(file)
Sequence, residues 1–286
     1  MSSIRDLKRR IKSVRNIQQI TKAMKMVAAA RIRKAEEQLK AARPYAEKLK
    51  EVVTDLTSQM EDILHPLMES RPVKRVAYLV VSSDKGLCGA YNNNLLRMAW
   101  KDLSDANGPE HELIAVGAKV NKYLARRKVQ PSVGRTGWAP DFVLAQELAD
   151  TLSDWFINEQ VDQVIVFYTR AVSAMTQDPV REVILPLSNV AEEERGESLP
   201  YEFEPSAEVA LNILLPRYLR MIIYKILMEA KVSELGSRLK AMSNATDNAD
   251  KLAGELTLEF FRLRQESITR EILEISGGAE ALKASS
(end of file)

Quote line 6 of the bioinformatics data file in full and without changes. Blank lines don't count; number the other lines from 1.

   201  YEFEPSAEVA LNILLPRYLR MIIYKILMEA KVSELGSRLK AMSNATDNAD